A quarter (27%) of the affluent cite healthcare costs as their primary day-to-day financial concern as compared with 16% of those with less than $250,000, who instead say “paying the bills” is their primary concern (43%). The affluent estimate out-of-pocket healthcare expenses in retirement at $60,000 and those with less than $250,000 estimate $49,000.

“Although the affluent are more financially prepared for their retirement, both groups have grossly underestimated the healthcare expenses they will need in retirement,” said Wimbish. “They need to be more aware and plan for the real costs of healthcare in retirement.”

Investable assets <$250,000

(investable assets $250,000+)

Amount saved for retirement (median) $60,000 $500,000
Amount needed for retirement


$400,000 $750,000
Estimated out-of-pocket healthcare expenses in retirement (median) $49,000 $60,000
Number of years in retirement


20 years 25 years
Withdrawal rate from savings


10% 7%
% of current household income needed in retirement (median) 65% 60%

Affluent Have More Confidence in the Stock Market and Confidence from a Plan

Half (52%) of affluent Americans feel confident that the stock market is a good place to invest for retirement versus 35% of those with less than $250,000 in assets. Along these lines, if given $5,000 to invest for retirement, a plurality of affluent Americans (48%) would invest the money in stocks or mutual funds, compared to about a third (31%) of those with less than $250,000 in assets. Those with less than $250,000 in assets are more likely to put the money in a savings account or CD than would the affluent (32% compared to 18%) and are more likely to invest that money in gold/precious metals than the affluent (22% compared to 15%).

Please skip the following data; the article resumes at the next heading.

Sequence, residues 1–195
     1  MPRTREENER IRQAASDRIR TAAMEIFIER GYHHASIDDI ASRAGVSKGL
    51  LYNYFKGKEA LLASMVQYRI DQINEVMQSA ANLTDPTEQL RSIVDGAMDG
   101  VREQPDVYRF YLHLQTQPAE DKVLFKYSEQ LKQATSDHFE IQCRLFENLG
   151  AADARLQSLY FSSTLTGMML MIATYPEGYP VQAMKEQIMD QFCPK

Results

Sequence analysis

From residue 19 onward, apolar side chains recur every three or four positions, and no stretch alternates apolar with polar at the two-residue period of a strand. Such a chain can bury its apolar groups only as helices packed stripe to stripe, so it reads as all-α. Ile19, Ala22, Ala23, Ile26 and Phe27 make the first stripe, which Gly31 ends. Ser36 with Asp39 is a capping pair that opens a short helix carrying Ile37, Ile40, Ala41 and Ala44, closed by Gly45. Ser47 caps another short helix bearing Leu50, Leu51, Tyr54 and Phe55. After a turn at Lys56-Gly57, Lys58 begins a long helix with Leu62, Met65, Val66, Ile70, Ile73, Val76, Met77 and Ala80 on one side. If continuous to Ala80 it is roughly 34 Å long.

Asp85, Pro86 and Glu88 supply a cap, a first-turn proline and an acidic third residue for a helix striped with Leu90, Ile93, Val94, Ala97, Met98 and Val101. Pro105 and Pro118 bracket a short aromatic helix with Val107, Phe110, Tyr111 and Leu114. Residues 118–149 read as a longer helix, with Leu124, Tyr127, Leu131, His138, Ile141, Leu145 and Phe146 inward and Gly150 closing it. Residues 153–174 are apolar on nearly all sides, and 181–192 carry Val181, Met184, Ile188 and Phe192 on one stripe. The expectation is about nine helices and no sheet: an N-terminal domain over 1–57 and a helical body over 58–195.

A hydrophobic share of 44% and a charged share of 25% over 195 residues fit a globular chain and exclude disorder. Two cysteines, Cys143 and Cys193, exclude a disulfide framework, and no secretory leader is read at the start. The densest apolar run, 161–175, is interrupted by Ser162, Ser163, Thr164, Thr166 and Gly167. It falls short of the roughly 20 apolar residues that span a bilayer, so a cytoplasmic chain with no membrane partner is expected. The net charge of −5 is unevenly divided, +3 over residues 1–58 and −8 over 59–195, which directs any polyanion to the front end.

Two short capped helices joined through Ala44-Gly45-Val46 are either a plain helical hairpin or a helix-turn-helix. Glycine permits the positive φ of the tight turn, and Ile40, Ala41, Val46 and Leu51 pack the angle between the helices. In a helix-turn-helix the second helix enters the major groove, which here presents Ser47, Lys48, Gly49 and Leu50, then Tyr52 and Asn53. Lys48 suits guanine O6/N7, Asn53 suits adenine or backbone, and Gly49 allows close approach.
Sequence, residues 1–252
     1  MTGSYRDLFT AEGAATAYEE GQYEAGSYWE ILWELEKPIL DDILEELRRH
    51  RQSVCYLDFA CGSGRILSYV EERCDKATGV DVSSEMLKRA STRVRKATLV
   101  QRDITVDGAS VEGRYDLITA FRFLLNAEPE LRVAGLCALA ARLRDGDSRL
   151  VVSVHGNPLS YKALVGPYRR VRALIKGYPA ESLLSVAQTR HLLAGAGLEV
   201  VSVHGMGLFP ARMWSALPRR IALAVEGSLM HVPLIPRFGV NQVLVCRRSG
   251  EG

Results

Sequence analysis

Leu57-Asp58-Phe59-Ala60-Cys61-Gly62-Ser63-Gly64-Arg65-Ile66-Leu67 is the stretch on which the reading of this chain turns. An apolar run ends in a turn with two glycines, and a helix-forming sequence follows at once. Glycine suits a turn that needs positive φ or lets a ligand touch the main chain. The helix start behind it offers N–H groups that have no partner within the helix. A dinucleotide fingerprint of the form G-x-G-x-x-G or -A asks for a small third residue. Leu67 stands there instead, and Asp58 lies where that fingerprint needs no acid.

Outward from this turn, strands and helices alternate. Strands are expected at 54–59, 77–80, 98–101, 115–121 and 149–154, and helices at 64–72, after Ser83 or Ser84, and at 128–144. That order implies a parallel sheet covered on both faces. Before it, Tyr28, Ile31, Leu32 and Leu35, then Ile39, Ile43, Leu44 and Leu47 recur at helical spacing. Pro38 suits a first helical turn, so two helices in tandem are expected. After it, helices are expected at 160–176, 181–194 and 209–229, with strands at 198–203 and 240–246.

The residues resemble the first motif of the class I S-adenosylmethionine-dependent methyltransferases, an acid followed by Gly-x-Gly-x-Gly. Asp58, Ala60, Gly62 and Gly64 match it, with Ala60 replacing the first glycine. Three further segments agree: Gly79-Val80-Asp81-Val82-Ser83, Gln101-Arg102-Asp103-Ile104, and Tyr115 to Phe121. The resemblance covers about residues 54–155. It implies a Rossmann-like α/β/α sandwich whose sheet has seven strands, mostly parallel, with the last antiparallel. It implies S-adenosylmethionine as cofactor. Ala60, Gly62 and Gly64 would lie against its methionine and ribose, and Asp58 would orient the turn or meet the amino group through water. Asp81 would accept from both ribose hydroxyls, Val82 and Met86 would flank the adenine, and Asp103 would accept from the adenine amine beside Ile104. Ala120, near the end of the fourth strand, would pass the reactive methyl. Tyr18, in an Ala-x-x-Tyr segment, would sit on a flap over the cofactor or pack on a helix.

“The stock market may have felt like a roller coaster for some, but over the long-term, it has been an engine of growth and this has certainly been true in the last four years as we’ve emerged from recession. There is a paradigm shift where you no longer just switch to fixed income ten years before retirement. With increased longevity, there is more time to build assets in a well allocated portfolio and then turn that into retirement income,” added Wimbish.

‘Working until 80’ - A Reality for Those with Less Than $250,000 in Assets

Working in retirement due to financial necessity will be a reality for a third (34%) of Americans with less than $250,000 in assets, compared to only 9% of the affluent. More broadly, four-in-ten (42%) affluent Americans expect to work because they want to and not out of any financial need, compared to a third (32%) of those with less than $250,000 in assets. Interestingly, about half of affluent men (49%) say they will work in retirement because they want to versus 31% of affluent women. While half (48%) of affluent Americans plan to fully retire and not work, only one third (32%) of those with less than $250,000 in assets believe they will not work during retirement.